What is counterconditioning?
Counterconditioning is a form of classical conditioning. It is a behavioral therapy technique that involves re-associating a stimulus that elicits an unwanted response with a new one incompatible with the unwanted one.15
This process is typically achieved by repeatedly pairing the stimulus with a positive or relaxing experience, leading to a change in the individual’s response to the stimulus. Counterconditioning is commonly used in treating phobias and anxiety disorders to reduce fear or anxiety by creating a new, positive associative learning.
For example, a person fearful of dogs is repeatedly exposed to dogs while doing something enjoyable. Gradually, their fear response is replaced with positive feelings.
What is the difference between counterconditioning and extinction?
The main difference between counterconditioning and extinction is their approaches to modifying learned behaviors. Counterconditioning involves replacing an undesirable response with a desirable one, while extinction focuses on weakening a conditioned response. Thus, counterconditioning seeks to learn a new behavior to replace the old one, while extinction aims to break the association that caused it.
Which is better: extinction or counterconditioning?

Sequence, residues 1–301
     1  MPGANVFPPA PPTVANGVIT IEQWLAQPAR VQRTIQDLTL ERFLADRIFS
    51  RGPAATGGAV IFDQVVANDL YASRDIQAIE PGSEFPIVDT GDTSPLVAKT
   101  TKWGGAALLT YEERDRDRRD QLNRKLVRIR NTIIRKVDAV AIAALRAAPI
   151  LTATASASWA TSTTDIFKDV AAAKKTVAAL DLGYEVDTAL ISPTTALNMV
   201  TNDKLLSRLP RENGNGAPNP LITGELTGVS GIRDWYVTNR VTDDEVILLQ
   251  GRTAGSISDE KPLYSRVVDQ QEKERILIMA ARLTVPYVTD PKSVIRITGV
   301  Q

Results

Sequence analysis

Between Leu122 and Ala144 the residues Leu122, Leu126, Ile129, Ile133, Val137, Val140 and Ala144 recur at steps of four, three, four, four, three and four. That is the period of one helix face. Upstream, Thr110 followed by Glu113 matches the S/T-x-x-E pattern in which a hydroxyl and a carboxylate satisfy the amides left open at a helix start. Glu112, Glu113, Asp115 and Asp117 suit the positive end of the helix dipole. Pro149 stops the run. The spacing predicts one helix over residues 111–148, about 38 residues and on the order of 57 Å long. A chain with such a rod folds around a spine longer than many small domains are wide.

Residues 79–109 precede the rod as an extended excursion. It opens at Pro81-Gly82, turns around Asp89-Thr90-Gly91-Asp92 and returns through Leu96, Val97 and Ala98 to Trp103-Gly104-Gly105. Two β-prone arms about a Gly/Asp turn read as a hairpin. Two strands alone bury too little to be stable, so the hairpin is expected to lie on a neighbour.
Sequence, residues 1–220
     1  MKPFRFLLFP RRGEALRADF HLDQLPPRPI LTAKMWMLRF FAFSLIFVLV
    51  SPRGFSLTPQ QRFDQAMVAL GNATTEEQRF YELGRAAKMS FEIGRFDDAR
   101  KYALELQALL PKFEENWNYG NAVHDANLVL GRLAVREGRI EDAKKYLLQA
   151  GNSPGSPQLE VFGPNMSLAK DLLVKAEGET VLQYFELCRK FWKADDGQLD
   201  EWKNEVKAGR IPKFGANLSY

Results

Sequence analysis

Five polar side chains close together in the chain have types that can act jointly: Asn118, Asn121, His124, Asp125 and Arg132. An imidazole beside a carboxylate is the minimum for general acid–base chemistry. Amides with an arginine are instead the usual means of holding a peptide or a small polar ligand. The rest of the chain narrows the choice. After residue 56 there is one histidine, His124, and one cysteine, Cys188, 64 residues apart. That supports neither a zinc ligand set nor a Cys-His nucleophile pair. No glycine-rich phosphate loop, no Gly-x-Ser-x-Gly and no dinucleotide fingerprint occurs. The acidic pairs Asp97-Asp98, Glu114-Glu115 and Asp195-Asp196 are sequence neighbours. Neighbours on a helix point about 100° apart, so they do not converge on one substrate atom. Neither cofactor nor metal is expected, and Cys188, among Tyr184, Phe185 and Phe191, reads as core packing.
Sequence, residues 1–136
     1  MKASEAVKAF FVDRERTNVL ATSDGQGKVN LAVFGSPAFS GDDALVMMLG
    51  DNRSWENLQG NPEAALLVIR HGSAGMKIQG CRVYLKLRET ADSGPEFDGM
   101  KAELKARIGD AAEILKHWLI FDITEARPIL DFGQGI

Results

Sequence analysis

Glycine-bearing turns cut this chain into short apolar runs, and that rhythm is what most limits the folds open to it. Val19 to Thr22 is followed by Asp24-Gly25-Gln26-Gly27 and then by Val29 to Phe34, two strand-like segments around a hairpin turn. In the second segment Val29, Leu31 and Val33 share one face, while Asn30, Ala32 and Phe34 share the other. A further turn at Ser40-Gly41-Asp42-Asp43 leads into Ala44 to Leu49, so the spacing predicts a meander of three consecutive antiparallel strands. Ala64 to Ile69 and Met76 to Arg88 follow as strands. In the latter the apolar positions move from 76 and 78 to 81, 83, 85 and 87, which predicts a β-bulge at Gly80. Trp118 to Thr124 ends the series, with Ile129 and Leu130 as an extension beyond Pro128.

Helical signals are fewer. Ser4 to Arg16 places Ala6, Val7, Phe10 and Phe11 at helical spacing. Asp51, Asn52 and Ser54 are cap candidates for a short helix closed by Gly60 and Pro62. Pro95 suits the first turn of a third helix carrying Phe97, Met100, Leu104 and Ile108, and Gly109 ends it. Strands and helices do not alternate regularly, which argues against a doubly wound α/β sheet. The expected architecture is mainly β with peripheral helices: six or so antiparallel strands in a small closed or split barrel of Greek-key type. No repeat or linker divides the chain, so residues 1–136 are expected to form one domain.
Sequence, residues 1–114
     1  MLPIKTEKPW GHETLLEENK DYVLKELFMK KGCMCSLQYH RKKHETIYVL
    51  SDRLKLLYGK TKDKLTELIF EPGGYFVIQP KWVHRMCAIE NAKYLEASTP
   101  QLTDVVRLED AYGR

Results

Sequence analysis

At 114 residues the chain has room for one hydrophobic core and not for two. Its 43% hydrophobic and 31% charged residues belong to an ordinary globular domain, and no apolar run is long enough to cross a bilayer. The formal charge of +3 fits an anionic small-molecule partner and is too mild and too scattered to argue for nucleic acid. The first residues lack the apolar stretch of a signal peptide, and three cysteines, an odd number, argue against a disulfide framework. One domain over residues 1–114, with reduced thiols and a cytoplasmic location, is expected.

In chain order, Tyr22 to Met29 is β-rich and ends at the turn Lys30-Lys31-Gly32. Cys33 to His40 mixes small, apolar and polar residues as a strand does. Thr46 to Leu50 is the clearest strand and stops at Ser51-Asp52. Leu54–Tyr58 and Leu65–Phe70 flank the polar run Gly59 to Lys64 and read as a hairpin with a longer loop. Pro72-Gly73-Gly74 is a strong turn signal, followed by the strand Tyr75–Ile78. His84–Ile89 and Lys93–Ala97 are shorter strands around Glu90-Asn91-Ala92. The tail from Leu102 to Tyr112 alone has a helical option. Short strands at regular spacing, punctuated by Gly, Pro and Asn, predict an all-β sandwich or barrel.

Some studies have found that counterconditioning is more effective than extinction in reducing cue-induced craving and learned fear.16,17
What is an extinction burst?
An extinction burst temporarily increases the conditioned response’s frequency, intensity, or duration when the unconditioned stimulus is first removed. When the expected conditioned response stops following a previously conditioned stimulus, the individual initially responds with an increased level of conditioned behavior to bring back the unconditioned response.
For example, if a child has learned to receive attention (conditioned response) by whining (conditioned stimulus) and the parent suddenly stops responding to the whining, the child may initially whine more loudly or frequently to regain the lost attention.
What is spontaneous recovery?
Spontaneous recovery is when a previously extinguished conditioned response reappears after some time without exposure to the conditioned stimulus. This sudden return of a previously extinct behavior is usually temporary and weaker than the original conditioned response.
For example, a child who once got frightened by a loud thunderstorm has learned to stop reacting fearfully to the sound of thunder, indicating the extinction of the conditioned fear response. However, after a long period without storms, a sudden, loud clap of thunder might unexpectedly trigger a brief return of the fear response, even though the child had seemingly overcome this fear.
Is classical conditioning manipulative?
Yes, classical conditioning can be used to manipulate behavior in situations such as advertising, political campaigns, and classroom management through evaluative conditioning. Evaluative conditioning is a form of classical conditioning that involves intentionally changing the perception of a stimulus by associating it with another stimulus that elicits a particular reaction.
For example, products are often associated with positive emotions or desirable outcomes in advertising, leading consumers to develop a favorable attitude toward the product.
How do you break bad habits with classical conditioning?
To break bad habits with classical conditioning, here are 3 strategies.